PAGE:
How To Make A Hen Party Veil

Much to the relief of everyone who keeps on asking me, wedding sewing is underway. Just. As I keep on trying to tell people, I’m not worried. I know how long it takes me to sew things and even though it’s 80 days until “I do”, it’ll all be fine. To be honest, we’ve been so focused on all the other wedding stuff, the sewing has been a little ignored. The first thing I made was my hen party veil, so I thought I’d share a little step-by-step tutorial on how I did that.

 

Planning My Hen Party

 

Each to their own and all that, but the idea of a tacky hen party complete with L plates, questionably-shaped straws and strippers is my idea of absolute hell. I’m having a meal and drinks one weekend with friends and relatives and then having a quiet couple of nights away with my closest friends the week after. Much more my kind of thing. I still wanted to wear something hen party-ish and so I liked the idea of a hen party veil. Plus, I figured it’d be a practise run for making my actual veil.

 

I decided to go for grey tulle covered with pom poms and I’m really happy with how it turned out. It was crazy easy to do (even if you’re not great at sewing, you could do this) and it makes me wonder how bridal shops can charge so much for veils.

 

Gather Your Supplies

 

 

The great thing about sewing your own veil (be it a daft hen party veil or the real deal) is that it’s amazingly easy and inexpensive. Here’s what I used to create mine:

 

  • 1 metre of tulle (I chose grey, but you can buy literally any colour)
  • Plain metal comb
  • Assorted mini pompoms
  • Needle
  • Thread (a contrasting colour helps)

 

That’s it! No sewing machine needed. I bought my tulle, comb and pom poms from eBay and it all came to about £5.

 

Tulle Time

 

The great thing about tulle is that it doesn’t fray, so no hemming required. Of course, you could sew a ribbon trim around the edges, but you can just leave it plain.

 

I realised that 1 metre of tulle was more than I needed. I wanted my veil to be double layered and fall somewhere between my shoulders and elbow. I’m sure the excess will get used for something though!

 

 

To work out how much I needed to cut off, I literally folded it in two and held it up against my head. It’s not something that needs to be too accurate! After I trimmed some of the length off, I folded it in two with one side longer than the other. Now comes the only bit of sewing you really need to do. Trust me, it’s easy.

 

 

Along the folded edge, about half a centimetre in, I used a contrasting colour thread to sew long stitches. Make sure you leave a length of thread at each end, without knotting it, so that you can gather the tulle easily.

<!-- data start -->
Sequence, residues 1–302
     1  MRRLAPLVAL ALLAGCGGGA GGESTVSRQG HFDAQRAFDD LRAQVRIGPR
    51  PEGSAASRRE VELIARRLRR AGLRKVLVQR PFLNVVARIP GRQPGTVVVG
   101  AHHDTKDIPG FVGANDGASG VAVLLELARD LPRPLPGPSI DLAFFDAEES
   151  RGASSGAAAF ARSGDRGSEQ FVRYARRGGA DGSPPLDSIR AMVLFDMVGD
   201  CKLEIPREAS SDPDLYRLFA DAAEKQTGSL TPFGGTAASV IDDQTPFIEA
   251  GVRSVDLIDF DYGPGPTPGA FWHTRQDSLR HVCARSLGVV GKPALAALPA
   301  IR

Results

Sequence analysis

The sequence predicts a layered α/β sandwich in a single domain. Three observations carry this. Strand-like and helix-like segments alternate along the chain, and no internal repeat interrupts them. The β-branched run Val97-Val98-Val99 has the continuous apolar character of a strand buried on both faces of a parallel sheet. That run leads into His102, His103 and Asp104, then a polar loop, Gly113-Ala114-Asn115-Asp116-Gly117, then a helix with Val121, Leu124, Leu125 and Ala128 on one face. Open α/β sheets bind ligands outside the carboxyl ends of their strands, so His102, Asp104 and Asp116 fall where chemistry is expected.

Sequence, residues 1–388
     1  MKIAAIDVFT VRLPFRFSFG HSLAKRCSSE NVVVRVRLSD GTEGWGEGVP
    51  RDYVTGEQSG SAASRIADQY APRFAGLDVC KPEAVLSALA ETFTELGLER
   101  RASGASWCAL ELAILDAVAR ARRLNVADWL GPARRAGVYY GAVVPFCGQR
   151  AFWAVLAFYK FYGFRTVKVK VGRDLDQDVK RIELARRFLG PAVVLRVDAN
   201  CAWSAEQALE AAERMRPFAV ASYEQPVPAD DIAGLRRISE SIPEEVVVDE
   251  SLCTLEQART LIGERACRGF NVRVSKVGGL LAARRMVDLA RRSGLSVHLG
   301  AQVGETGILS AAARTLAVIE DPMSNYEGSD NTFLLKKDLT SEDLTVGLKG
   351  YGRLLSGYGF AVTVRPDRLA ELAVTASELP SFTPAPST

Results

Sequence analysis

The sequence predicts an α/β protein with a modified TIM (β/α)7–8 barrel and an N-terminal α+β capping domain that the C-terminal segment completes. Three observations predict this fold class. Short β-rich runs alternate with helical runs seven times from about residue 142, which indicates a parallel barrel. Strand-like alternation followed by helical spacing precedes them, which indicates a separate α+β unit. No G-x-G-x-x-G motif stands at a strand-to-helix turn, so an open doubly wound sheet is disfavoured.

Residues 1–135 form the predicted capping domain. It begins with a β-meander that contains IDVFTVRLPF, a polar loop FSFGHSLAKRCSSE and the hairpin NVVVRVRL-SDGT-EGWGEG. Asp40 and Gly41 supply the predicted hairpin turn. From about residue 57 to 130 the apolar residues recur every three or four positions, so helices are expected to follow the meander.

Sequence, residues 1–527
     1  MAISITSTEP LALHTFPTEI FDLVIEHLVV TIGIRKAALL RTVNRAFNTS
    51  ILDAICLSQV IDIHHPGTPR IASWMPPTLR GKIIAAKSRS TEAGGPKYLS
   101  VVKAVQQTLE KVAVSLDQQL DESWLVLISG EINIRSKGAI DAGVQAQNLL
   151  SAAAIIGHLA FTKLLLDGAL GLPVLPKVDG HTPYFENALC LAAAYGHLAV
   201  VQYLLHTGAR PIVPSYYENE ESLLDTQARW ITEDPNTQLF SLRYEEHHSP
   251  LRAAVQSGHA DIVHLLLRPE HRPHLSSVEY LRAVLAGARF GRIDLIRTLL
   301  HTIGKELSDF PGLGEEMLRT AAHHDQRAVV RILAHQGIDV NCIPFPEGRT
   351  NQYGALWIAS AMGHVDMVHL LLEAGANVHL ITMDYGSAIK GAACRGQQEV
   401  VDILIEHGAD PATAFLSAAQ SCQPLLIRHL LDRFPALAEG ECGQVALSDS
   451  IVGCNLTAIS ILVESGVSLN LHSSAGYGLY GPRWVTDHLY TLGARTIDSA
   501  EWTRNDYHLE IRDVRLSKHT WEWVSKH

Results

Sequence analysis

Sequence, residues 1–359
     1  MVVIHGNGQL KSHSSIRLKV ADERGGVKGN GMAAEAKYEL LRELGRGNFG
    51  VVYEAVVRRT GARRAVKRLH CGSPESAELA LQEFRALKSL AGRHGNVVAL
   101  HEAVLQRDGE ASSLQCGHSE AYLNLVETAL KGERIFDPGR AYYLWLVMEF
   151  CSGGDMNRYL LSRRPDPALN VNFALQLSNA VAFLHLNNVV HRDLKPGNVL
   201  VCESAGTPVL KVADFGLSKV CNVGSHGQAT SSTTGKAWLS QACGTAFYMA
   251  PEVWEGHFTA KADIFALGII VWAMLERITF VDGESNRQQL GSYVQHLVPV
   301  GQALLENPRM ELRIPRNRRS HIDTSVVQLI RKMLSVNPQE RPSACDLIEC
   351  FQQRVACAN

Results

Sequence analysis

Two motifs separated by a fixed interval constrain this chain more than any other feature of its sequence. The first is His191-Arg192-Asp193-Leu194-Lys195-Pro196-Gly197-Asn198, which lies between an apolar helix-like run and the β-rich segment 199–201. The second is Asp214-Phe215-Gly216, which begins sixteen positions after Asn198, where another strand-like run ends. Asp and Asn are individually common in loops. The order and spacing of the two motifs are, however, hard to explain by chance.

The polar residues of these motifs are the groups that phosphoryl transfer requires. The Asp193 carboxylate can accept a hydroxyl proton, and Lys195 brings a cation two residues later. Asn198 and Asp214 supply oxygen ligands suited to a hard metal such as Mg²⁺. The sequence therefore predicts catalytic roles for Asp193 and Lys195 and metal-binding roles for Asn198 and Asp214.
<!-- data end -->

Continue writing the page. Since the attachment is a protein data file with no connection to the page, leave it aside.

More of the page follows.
To gather the tulle, just pull gently on one end of the thread and move the tulle along. Easy peasy!

 

 

Attaching The Comb

 

This is the part that took the longest (and still didn’t take very long) because I did sew the tulle to my comb. You can probably get away with using some strong glue, but I didn’t because I wanted to make sure the comb stayed put!

 

 

I gathered the tulle to the width of my comb, made sure the comb was the right way around and then stitched it on. To be honest, there was probably a neater way of doing this, but I wasn’t so bothered as I wanted to add pompoms along the comb. Another thing you could do to hide any un-neatness is glue a bit of ribbon over the edge.

 

 

Adding Some Fun

 

I wanted to add tiny pom poms to my hen party veil for a bit of colour and, really, who doesn’t love pompoms? You could add sequins, or lace or anything really. Can’t sew? Then fabric glue is your friend here.

 

 

I did choose to sew my pom poms on. Again, this was just so I knew they wouldn’t come off! Firstly, I sewed pompoms along the comb, to jazz it up a bit and hide the edge of the tulle. All I did was bring the needle up through the centre of the pompom and then did a couple of little stitches.

 

 

I sewed the pompoms on the veil in the same way, but only through the top layer of tulle. You could definitely glue the pompoms on instead if you don’t want to do any sewing.

 

 

Ta-daaaah!

 

How easy was that?! Whether you’re making a hen party veil or a wedding day veil, the basic instructions are the same. All that really changes is the length and embellishments you choose to use. You can even buy combs that already have a bit of sparkle on to make it even easier.

 

Toria

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